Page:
About eighty people gathered to catch a glimpse of some of the forest and shoreline birds at Helliwell Park. We sought, listened, and enjoyed their presence under the guidance of Art Martell. Art is an ornithologist and keen birder locally, nationally, and internationally, who has a cabin on Hornby Island.
Our group had several sightings, beginning with a pileated woodpecker by the parking lot. We also spotted and heard a warbler, turkey vultures, oystercatchers chasing off turkey vultures, harlequin ducks, and chestnut back chickadees – a year-round resident and the only chickadee found on Hornby and Vancouver Island. The group also enjoyed seeing a group of seals lying on the rocks near the oystercatchers.
It was a hazy morning due to smoke in the air from wildfires and along with a long dry spell, the birds were quieter than usual. Art informed us that they were conserving their energy. Birds have very delicate respiratory systems and their lungs work differently than those of mammals. They have two small lungs within which are air sacs that keep the lungs constantly inflated. Whatever they breathe is circulated through their bodies.
Although it wasn’t a peak time for bird sightings, Art was able to share a plethora of knowledge with us. He knows a lot about our feathered friends as the volunteer Caretaker for the K’omoks Important Bird Area and active member of the Comox Valley Birders Group (which has a yearly bird count since 1919 in the Comox Valley), BC Field Ornithologists, and Bird Studies Canada. He was also the Regional Coordinator for the BC Breeding Bird Atlas and prior to retirement, worked as a wildlife research scientist and manager with Canadian Wildlife Service. Art was also the first Canadian National Coordinator for the North American Bird Conservation Initiative.
One of the topics he discussed was new to many of the attendees: birding ethics and the problem of smartphone bird call apps. Today, many people are using bird call apps on their smartphones to attract birds. While this may be okay with minimal usage by one person in a large forest, the problem begins when you have an area, such as a park, with many people moving through each day using the apps. Hearing the calls repeatedly, the birds are tricked into believing that there is a competitor in the area. They then expend energy to make their presence known to the “other bird”. Usually, the person playing the call is unaware of the problem and is just enjoying the excitement getting a response back from the bird. However, this response, especially when in a public environment, is provoked by stress. Birds need their energy for finding food, building nests, feeding their babies, and so on. While it is wonderful to become more familiar with the natural world, we also have to be careful not to endanger it in the process.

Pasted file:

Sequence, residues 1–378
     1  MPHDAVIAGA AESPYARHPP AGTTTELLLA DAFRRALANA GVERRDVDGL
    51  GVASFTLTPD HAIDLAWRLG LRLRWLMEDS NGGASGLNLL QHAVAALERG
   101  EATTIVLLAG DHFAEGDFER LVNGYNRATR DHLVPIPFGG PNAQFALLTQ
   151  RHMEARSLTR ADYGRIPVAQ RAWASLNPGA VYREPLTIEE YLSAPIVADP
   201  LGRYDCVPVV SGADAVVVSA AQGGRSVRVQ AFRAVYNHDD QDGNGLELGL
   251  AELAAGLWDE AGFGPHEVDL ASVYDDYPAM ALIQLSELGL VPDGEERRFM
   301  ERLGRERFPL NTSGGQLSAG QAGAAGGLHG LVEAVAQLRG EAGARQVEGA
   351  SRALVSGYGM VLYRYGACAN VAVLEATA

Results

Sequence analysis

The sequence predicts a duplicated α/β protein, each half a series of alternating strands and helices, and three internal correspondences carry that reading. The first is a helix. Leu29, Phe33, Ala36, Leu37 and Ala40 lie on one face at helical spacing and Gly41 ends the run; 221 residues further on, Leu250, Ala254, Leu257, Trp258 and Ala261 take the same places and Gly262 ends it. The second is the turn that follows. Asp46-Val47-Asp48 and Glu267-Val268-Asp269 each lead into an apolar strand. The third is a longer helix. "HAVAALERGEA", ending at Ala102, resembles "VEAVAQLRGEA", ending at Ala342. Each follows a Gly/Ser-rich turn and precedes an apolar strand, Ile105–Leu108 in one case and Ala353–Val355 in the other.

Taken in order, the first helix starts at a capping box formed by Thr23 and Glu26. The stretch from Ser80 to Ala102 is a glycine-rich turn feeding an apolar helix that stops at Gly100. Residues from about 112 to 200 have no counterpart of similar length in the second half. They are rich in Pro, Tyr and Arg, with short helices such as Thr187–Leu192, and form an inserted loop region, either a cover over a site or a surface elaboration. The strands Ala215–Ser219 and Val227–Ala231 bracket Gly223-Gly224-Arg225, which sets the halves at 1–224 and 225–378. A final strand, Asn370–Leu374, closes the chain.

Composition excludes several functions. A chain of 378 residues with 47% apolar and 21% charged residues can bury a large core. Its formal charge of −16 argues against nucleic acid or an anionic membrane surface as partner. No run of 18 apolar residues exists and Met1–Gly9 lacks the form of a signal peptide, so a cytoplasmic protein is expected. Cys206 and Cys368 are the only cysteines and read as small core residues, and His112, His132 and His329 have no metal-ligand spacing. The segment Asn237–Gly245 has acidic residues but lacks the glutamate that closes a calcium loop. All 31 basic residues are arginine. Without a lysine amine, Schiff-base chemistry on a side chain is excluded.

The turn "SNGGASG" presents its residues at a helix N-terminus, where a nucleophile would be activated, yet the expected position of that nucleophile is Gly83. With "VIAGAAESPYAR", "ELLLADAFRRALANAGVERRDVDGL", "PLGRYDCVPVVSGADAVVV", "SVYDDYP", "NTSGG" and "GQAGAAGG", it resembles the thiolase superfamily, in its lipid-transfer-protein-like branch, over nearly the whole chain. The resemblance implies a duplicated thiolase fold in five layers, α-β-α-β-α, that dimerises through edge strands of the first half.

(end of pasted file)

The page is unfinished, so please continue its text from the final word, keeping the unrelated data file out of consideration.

Another interesting topic covered was the changes in bird migration due to climate change. There has been an increase in particular species in certain areas. For instance, fifty years ago we would not see house wrens here, but with a natural migration northward, they have become more common.
Fortunately, Helliwell Park provides an important habitat that we can retain for forest birds. Here are some photos from the morning. As you can see, it was a large and enthusiastic crowd!